Scientist Caro in 1901 from CaC
2
and N
2
Ammonia from N
2
& H
2
in 1912
Sea water, crust rocks & streams (0.00005, 0.002 , 0.000024 % respectively )
100%
Leaching, Volatilization, Crop removal, Erosion etc
First yellowing of older leaves
Promotes highly dark
-green color and excess vegetation
Most important macro nutrient
Boosting of yield
And Management:
There are numerous factors influencing N use efficiency like plant age, plant characteristics and behavior of
soil and climatic factors. General concept is that, whe
n soil and climate are most favorable for plant growth and
development than nitrogen use efficiency becomes higher but plant age and its genetic characteristic are not
considered in any agriculture disciplines except plant breeding and genetics. Applicatio
n of N to pla
seedling development) where plant has no well developed root system and it
has short roots and plus has fewer number of leaves than how plant can uptake maximum N from soil or foliar
er these conditions, application of higher dose of nitrogen to the plants is the waste of money
because it will not produce meaningful results. When plant’s roots completely developed and leave also become
n N utilization increases. The de
eper root system enhances the intake of N, while larger leaves
contribute rapid and maximum photosynthesis process which stimulates physiological activity of plant that help
in N use efficiency. Foliar application of N at this stage of the plant is useful
compare to at that stage of the
plant where leaf area is smaller (Fig. 02). Plant N use efficiency generally decreases at full maturity stage of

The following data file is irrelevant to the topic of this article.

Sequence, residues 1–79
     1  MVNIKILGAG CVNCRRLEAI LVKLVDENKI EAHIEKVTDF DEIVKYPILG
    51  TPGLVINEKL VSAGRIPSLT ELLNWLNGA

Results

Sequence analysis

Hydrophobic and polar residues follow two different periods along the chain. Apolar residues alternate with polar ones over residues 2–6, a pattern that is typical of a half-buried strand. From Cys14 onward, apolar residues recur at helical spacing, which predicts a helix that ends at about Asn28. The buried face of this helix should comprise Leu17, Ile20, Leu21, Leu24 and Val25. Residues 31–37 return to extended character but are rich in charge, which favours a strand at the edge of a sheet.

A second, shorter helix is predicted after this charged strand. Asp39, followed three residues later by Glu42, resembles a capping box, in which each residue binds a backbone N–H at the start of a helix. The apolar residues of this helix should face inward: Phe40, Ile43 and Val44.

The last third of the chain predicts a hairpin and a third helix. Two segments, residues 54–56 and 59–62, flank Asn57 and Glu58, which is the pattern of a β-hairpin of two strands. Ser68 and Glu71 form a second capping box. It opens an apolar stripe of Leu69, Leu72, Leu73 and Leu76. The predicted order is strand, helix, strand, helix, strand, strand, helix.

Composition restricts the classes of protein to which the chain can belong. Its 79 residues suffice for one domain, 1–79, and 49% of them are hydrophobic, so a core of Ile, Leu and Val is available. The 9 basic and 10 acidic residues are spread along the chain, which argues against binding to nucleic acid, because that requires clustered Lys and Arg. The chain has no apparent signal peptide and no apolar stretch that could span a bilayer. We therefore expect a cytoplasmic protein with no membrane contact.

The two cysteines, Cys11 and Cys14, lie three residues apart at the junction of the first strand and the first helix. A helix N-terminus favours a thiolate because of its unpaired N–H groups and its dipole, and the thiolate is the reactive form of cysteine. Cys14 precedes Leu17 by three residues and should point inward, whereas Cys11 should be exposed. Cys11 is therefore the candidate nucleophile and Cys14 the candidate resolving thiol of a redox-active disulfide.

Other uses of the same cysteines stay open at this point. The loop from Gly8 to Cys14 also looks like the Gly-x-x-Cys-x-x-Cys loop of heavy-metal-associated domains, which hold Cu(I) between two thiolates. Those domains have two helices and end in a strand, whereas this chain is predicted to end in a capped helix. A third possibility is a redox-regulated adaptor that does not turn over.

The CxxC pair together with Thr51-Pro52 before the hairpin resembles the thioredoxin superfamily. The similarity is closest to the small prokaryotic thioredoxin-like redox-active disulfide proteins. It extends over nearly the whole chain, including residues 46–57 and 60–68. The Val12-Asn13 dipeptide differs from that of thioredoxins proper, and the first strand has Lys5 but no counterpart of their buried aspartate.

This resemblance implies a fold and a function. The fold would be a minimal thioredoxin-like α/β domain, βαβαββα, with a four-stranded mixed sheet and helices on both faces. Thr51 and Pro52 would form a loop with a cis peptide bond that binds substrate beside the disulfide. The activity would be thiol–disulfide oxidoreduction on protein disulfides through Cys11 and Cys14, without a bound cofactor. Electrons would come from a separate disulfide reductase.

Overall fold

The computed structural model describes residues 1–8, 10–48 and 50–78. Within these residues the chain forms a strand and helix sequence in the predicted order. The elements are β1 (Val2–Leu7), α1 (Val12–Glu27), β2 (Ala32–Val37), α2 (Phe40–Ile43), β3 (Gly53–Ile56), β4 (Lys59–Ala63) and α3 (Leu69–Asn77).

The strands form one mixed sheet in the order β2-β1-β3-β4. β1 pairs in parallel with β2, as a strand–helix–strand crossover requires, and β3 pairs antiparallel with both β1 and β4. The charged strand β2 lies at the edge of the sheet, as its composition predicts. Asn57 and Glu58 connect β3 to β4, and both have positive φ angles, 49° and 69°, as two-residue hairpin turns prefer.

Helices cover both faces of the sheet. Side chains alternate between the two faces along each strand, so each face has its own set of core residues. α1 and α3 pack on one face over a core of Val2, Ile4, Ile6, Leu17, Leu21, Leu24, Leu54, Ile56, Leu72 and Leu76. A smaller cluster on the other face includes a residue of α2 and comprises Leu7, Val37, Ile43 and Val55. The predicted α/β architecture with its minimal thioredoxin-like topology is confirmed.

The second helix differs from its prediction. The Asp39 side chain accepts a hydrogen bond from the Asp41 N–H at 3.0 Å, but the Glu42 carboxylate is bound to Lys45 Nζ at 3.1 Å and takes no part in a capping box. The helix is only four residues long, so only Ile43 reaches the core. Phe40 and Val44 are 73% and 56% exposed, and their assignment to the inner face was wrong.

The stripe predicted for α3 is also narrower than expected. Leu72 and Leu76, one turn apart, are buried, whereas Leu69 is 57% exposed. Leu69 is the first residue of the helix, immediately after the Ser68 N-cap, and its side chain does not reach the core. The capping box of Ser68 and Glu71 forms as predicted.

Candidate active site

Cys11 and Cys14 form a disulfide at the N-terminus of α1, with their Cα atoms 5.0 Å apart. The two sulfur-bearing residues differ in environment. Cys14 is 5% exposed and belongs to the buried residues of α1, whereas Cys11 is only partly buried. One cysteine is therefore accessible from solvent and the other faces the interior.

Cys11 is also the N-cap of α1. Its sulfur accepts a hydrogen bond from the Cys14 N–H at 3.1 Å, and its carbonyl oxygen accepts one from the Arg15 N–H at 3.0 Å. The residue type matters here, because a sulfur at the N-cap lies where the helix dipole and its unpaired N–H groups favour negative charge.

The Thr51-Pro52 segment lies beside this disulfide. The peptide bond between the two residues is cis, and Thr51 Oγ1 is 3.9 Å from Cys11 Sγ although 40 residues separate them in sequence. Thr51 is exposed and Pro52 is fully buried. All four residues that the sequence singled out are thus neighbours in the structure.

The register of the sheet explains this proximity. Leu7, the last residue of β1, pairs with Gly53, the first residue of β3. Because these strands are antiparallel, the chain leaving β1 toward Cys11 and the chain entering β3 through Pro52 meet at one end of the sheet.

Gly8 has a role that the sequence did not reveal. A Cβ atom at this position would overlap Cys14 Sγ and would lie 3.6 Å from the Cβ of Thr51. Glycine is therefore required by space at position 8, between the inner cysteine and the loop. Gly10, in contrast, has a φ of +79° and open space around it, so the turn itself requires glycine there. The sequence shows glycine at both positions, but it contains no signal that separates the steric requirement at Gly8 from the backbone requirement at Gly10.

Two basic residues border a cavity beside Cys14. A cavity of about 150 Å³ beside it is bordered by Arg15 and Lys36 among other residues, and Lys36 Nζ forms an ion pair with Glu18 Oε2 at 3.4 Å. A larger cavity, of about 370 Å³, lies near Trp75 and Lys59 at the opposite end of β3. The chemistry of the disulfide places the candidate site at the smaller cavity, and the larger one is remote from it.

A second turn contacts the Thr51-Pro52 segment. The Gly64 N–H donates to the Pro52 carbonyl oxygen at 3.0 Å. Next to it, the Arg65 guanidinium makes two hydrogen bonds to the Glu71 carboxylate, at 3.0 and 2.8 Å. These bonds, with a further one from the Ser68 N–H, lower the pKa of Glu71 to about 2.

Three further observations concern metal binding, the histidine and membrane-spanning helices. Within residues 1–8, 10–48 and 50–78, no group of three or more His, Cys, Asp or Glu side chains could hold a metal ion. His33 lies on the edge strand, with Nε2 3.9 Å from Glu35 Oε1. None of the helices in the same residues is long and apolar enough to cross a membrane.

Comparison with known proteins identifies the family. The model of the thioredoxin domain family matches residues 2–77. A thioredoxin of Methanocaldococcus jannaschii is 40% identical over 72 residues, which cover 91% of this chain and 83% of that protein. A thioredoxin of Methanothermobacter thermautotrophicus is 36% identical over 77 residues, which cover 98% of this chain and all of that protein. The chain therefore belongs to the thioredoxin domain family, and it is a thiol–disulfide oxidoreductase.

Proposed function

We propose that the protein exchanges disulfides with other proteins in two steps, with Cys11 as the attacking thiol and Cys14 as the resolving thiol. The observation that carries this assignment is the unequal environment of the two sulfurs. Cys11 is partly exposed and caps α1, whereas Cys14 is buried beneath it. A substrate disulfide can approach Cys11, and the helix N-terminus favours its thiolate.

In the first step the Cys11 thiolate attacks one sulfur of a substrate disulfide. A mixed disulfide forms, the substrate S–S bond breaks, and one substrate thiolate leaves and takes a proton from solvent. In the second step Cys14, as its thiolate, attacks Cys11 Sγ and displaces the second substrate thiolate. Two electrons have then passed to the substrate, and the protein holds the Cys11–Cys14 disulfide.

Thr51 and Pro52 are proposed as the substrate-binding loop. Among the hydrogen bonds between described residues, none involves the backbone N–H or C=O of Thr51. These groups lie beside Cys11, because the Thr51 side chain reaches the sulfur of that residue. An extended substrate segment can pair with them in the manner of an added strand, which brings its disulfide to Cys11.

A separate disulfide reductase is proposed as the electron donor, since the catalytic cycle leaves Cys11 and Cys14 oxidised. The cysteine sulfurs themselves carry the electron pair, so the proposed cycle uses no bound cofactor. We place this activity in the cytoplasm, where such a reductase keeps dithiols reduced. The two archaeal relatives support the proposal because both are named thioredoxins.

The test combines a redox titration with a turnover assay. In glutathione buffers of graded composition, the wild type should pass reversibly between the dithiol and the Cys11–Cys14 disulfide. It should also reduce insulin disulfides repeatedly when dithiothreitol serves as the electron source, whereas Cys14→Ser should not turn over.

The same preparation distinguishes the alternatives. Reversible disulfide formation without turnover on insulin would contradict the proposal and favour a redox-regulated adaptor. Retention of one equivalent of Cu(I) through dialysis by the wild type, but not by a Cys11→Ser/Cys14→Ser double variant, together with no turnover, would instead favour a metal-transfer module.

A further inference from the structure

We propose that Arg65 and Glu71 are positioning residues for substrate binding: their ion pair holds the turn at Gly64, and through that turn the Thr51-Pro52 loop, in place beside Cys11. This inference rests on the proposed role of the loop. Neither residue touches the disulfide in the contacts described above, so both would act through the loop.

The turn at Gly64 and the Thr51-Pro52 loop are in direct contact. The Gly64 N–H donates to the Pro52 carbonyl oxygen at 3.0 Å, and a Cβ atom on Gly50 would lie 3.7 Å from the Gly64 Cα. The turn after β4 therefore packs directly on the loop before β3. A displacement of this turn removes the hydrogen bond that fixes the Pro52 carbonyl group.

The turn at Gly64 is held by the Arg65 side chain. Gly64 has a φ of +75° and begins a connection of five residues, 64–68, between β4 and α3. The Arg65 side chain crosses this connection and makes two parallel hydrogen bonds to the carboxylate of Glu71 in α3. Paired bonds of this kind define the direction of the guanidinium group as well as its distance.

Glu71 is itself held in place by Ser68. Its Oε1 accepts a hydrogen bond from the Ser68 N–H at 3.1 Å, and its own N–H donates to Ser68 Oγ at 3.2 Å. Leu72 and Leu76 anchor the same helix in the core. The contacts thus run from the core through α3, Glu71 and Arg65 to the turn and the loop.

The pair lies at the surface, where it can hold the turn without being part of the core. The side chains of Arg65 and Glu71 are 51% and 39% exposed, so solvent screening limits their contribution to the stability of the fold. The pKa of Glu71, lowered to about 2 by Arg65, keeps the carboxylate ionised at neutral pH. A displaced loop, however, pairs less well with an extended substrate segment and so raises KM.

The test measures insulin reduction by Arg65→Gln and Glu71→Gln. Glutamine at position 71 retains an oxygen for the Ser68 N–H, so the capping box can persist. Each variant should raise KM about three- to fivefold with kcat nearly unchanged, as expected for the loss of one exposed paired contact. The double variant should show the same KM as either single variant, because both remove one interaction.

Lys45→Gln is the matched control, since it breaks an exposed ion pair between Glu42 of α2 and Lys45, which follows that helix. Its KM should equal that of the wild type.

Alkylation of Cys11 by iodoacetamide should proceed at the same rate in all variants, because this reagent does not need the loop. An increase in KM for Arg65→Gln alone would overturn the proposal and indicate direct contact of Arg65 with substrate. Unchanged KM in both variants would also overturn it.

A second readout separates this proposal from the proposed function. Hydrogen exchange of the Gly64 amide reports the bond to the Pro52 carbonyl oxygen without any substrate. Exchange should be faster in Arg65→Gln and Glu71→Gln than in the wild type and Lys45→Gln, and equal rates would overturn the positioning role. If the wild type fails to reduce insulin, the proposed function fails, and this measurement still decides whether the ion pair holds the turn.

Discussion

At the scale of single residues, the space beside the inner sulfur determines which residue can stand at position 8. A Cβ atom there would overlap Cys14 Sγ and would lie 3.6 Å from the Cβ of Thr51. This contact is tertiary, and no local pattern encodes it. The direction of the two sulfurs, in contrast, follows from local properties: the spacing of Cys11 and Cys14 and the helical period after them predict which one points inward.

plant when plant shifting to completion of life cycle phase and normally stops the vegetative growth. It is
refore mandatory that at this stage nitrogen should not be applied to plants in a smaller rate.
tic conditions play a significant role in uptake and utilization of N. It is therefore
mandatory that soil and climatic conditions of a particular region must be considered before conducting any
verse crop species. Nitrog
en is that element
to plants from soil and return back to soil from plants residues during decomposition process and
20 19
N
Industrial fixation, Atmospheric fixation, Biological fixation, Organically fixation
Sea water, crust rocks & streams (0.00005, 0.002 , 0.000024 % respectively )
There are numerous factors influencing N use efficiency like plant age, plant characteristics and behavior of
n soil and climate are most favorable for plant growth and
development than nitrogen use efficiency becomes higher but plant age and its genetic characteristic are not
n of N to pla
nt at initial
seedling development) where plant has no well developed root system and it
has short roots and plus has fewer number of leaves than how plant can uptake maximum N from soil or foliar
er these conditions, application of higher dose of nitrogen to the plants is the waste of money
because it will not produce meaningful results. When plant’s roots completely developed and leave also become
eper root system enhances the intake of N, while larger leaves
contribute rapid and maximum photosynthesis process which stimulates physiological activity of plant that help
compare to at that stage of the
plant where leaf area is smaller (Fig. 02). Plant N use efficiency generally decreases at full maturity stage of